The main difference between cashier’s checks and certified checks is where the money comes from. Cashier’s checks draw funds from the bank’s account, while certified checks draw funds from the check writer’s bank account. This distinct difference makes cashier’s checks more secure than certified checks.
Approximately 107.9 million Americans are fully banked.1 If you have a bank account and are looking for an alternative payment option, read on to discover which one is best for you: cashier’s check vs. certified check.
Cashier’s Checks vs Certified Checks: An Overview
|Feature||Cashier’s Check||Certified Check|
|Definition||A check drawn by a bank on its own funds.||A personal check that the bank verifies and certifies.|
|Issuer||Issued and guaranteed by the bank.||Issued by an individual but certified by the bank.|
|Funds Source||Bank’s own funds.||Customer’s account.|
|Purpose||Typically used for larger transactions.||Used for various purposes, often for verification.|
|Cost||Usually has a fee, which varies by bank.||May have a fee, which varies by bank.|
|Security||Considered very secure as it’s backed by the bank.||Secure, but slightly less than a cashier’s check.|
|Stop Payment||Difficult to stop payment once issued.||Possible, but with certain conditions.|
|Expiration||May expire after a certain period (e.g., 90 days).||Typically doesn’t expire but may become stale after 6 months.|
|Availability||Available to both customers and non-customers.||Typically available only to bank customers.|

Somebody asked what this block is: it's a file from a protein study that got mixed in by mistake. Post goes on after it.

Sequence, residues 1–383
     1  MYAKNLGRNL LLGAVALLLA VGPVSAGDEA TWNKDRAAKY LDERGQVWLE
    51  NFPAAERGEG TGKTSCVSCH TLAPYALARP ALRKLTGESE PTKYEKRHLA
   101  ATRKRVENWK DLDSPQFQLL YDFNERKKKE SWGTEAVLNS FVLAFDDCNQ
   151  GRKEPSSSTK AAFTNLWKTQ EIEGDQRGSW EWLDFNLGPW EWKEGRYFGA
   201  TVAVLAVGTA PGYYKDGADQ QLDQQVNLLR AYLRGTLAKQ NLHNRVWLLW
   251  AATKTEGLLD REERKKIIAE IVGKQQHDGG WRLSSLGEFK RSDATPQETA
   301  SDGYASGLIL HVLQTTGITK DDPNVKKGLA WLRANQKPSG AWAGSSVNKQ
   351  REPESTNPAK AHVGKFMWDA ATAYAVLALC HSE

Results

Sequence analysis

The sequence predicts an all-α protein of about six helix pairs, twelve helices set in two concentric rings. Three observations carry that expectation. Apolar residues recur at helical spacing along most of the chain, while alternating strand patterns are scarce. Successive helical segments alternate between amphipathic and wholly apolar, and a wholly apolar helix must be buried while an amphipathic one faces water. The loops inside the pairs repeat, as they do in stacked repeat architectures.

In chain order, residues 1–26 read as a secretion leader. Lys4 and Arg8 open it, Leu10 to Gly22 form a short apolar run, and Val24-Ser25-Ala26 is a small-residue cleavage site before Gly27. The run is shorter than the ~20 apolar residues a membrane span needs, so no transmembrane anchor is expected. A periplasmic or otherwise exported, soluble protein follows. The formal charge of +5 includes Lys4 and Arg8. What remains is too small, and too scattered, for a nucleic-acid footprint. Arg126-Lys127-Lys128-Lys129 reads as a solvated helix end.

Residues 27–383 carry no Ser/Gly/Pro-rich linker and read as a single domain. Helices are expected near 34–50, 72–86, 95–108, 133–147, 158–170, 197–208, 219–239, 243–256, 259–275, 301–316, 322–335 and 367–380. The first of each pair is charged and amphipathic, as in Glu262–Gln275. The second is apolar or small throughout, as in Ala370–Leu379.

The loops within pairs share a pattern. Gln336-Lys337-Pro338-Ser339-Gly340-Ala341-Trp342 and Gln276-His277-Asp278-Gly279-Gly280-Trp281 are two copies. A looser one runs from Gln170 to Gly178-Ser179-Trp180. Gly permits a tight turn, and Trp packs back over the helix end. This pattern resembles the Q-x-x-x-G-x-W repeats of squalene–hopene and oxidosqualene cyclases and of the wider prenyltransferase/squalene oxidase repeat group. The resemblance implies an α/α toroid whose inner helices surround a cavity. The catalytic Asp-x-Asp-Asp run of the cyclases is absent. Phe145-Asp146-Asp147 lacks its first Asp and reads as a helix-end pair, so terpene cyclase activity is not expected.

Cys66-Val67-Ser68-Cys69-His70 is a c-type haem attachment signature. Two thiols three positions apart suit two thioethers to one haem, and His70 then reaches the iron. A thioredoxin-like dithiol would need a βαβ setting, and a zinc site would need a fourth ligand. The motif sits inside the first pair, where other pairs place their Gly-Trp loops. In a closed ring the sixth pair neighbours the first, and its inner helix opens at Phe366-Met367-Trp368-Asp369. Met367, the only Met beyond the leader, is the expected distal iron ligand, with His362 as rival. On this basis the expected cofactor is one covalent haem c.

|Risk of Fraud||Lower risk due to the bank’s direct involvement.||Slightly higher risk compared to cashier’s checks.|
What Is a Cashier’s Check?
A cashier’s check is a type of bank check issued by a bank. A cashier’s check is similar to a money order. This type of check bears the name of the payee and the amount, and the recipient is allowed to use the check to collect funds from the payer’s bank. Most banks charge $8 to $15 per cashier’s check.2
Cashier’s checks are typically used for large purchases, such as:
- Real Estate Transactions: Buying homes, land, or commercial properties.
- Vehicle Purchases: Buying cars, trucks, motorcycles, boats, or recreational vehicles.
- Tuition Payments: Paying for college or private school tuition in a lump sum.
- Home Renovations: Major home improvement projects or additions.
- Business Investments: Investing in a new business venture or buying into a franchise.
- Medical Procedures: Paying for plastic surgery, elective surgeries, or treatments not covered by insurance.
A cashier’s check has some advantages over personal checks regarding security and reliability. A personal check is only good if there is enough cash in the account to which it is attached. But, a cashier’s check is created with the balance in the account, which means the bank will not issue a cashier’s check if the account is not currently enough to cover the check.